The story is only minutes in and already confusion is reigning supreme. The Vita version was accused of not explaining the backstory very well, and despite the claims that the HD iteration would help clear this up, issues still remain. If you dig a little, you can delve into the character profiles and database, where you can learn that Aveline’s mother abandoned her after she was born, but this is all glossed over in-game. There are even some sub-plot elements, where a hacker tries to reveal the truth behind Abstergo, but this is somewhat wasted in a game that fails to coherently present a central narrative.
This HD version adds some extra backstory pop-ups during loading screens, which do help explain matters more, but the plot still jumps between points in the timeline too often without any explanation. Ubisoft have also added in another fifteen missions, most of which are there to add a little more exposition and to aid in transitions in the story. The sad fact is that even with these the plot is obscure and hard to follow. Despite these issues, Liberation manages to re-focus on its stealth roots, after Revelations and Assassin’s Creed III sometimes felt like stealth had been put on the back-burner. Liberation actually brings the idea of being a silent assassin back to the fold – which is definitely welcome.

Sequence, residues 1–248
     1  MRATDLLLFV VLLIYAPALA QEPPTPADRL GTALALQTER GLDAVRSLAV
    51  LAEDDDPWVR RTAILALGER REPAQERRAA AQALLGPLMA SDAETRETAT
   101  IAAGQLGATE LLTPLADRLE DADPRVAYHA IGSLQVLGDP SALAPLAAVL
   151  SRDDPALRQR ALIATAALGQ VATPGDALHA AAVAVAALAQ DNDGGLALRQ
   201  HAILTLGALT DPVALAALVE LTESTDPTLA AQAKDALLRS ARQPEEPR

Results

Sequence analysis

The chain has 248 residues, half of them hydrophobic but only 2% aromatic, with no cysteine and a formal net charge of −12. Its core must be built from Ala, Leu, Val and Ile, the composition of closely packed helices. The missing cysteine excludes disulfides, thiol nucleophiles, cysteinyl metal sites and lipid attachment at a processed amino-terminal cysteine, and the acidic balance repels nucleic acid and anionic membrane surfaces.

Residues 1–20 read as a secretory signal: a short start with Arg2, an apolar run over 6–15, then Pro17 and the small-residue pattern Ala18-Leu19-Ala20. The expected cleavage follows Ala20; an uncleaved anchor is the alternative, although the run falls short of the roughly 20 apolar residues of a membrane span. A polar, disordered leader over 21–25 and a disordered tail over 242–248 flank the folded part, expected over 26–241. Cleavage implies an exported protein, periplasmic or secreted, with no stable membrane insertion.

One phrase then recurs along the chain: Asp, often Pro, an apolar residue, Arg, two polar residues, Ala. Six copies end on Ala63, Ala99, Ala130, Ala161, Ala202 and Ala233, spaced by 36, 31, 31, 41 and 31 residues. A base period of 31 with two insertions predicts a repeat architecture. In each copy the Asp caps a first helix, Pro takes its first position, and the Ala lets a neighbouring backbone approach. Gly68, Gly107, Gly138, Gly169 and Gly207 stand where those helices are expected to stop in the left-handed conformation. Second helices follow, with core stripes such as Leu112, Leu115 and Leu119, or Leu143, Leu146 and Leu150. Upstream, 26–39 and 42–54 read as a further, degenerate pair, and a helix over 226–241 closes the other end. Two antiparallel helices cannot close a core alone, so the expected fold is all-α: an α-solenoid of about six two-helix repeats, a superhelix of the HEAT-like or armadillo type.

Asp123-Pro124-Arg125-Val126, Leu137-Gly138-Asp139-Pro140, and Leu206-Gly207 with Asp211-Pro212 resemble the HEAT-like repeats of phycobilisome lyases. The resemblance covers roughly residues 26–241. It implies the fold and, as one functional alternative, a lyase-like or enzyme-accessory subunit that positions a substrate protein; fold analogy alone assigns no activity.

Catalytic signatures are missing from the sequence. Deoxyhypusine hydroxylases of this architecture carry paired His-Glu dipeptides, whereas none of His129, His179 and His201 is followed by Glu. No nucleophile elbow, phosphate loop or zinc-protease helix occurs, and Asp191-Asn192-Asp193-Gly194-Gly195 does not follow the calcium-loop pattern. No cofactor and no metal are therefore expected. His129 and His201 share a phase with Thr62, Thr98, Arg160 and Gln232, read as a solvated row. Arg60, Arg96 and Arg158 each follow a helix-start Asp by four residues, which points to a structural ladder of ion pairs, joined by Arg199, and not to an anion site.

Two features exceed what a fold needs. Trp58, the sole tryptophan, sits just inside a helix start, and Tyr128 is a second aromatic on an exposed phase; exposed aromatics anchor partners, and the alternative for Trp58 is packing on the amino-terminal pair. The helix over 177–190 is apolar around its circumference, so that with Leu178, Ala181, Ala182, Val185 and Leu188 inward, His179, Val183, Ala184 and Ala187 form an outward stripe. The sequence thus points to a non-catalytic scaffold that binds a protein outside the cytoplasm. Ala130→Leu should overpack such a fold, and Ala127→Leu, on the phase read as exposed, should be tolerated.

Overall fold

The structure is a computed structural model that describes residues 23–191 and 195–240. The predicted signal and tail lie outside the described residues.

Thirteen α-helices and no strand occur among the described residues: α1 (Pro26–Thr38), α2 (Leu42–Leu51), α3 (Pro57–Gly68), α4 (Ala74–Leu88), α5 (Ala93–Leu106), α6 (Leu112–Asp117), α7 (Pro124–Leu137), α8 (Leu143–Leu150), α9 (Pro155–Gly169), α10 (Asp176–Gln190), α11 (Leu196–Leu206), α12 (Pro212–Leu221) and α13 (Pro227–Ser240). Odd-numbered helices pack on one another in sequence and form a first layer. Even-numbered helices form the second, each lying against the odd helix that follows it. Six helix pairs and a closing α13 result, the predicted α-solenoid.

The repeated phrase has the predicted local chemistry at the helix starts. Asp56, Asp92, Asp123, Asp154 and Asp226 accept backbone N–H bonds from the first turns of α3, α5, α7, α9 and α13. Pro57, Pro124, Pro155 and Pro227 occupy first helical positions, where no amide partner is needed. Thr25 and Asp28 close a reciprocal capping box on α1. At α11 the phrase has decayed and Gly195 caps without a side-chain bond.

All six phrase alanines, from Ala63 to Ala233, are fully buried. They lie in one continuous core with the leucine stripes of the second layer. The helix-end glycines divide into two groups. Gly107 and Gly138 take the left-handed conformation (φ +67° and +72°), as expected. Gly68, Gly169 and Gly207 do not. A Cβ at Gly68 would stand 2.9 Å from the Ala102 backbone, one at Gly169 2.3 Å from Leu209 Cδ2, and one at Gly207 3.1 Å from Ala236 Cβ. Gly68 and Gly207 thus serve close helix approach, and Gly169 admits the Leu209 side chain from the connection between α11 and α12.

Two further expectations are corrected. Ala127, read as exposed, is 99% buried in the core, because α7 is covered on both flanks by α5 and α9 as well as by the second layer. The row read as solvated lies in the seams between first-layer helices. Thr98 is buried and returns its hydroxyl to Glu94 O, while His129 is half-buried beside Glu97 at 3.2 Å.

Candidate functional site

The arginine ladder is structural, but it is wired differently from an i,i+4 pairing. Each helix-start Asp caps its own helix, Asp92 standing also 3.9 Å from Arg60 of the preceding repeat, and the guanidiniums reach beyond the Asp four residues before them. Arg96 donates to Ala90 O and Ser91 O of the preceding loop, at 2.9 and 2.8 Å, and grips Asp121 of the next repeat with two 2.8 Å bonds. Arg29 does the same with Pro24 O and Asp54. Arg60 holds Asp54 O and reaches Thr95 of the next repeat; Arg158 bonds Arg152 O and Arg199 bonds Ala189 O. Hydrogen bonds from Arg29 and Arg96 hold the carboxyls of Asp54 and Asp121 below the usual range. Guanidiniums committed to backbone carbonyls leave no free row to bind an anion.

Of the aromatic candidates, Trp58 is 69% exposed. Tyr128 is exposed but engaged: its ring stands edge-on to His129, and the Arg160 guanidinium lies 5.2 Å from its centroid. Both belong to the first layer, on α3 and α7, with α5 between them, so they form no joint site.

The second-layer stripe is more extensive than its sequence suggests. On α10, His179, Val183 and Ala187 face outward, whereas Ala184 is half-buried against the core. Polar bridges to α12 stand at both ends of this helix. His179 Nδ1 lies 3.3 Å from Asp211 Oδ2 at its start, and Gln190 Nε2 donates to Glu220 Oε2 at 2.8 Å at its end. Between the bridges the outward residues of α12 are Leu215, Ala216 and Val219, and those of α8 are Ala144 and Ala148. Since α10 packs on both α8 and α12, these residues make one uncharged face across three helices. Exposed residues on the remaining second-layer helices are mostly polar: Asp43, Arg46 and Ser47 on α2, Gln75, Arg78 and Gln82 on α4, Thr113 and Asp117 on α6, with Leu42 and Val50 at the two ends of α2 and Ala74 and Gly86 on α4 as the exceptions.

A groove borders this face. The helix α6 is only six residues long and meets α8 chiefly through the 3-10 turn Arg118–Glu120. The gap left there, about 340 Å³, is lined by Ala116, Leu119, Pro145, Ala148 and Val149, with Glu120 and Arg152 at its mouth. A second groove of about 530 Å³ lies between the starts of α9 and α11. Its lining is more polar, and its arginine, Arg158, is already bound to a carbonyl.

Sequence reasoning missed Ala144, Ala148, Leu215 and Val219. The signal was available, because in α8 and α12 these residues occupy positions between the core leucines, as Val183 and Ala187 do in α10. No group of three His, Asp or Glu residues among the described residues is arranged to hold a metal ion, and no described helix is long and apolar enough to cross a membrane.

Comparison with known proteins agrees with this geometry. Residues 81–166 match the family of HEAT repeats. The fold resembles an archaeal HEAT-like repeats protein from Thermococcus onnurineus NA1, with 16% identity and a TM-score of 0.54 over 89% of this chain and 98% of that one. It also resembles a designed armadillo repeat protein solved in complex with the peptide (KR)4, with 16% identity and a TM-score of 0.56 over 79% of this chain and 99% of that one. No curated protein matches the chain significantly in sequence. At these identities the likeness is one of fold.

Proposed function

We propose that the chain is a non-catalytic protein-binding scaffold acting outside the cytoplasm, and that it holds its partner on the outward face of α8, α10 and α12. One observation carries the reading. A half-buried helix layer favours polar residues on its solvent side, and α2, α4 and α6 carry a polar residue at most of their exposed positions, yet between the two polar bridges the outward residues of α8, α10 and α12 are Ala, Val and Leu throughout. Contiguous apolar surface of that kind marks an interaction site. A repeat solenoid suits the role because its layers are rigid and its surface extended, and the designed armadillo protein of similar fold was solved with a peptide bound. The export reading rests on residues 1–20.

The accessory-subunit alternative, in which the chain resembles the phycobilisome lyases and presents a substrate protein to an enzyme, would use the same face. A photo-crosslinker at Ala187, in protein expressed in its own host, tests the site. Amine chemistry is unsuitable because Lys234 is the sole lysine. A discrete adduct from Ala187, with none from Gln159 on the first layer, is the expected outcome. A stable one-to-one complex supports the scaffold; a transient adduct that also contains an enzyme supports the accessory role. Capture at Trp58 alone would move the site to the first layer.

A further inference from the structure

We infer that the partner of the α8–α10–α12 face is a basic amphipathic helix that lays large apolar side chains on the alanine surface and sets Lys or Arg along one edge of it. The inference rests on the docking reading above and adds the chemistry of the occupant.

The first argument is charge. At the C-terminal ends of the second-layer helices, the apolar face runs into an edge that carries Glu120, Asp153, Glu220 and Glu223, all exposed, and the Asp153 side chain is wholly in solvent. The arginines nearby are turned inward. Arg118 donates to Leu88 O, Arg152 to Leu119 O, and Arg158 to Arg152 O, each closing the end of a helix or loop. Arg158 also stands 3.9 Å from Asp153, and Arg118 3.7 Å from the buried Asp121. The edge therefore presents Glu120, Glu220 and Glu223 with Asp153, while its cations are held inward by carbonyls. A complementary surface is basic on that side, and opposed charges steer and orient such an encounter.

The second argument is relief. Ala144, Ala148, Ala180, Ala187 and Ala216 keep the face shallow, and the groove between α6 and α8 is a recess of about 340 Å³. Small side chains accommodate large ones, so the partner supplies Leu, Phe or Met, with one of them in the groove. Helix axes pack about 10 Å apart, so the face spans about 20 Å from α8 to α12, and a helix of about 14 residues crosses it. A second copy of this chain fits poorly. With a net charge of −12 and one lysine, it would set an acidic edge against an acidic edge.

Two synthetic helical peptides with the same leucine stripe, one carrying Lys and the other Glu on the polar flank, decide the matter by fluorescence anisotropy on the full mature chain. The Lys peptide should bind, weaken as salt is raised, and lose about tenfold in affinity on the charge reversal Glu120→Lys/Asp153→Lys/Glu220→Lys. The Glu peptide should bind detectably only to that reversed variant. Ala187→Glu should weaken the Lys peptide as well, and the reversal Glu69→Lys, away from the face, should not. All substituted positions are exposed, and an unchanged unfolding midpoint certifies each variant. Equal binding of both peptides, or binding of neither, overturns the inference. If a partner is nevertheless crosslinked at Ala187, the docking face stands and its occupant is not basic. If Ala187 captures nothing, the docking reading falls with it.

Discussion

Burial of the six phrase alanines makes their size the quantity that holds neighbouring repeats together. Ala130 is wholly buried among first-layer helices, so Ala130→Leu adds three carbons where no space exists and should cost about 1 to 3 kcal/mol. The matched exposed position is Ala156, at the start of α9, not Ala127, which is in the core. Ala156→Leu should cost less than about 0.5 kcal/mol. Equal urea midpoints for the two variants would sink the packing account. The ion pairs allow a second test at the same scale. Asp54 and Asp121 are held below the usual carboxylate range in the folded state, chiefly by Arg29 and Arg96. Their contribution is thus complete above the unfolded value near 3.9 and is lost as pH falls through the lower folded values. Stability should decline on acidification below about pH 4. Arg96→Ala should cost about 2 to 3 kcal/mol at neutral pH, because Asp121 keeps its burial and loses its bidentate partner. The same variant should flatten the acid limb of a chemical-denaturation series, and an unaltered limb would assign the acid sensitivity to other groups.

Possibly the most successful element is the idea of Personas – this is the one thing that is most distinct about Liberation and sets it apart when compared to earlier Assassin’s Creed games. By accessing changing rooms throughout the game (which can be re-built and bought as you progress, in order to provide more), you can choose whether Aveline dresses as an Assassin, a Slave or a Lady. Each allows you different skills, such as lower notoriety as a Lady whilst being unable to jump, or the ability to blend in more easily when playing as a Slave. Although most missions will force you to change, or tell you that you should, this mechanic does allow players to tackle some missions in their own way, and it at least creates the illusion of variety.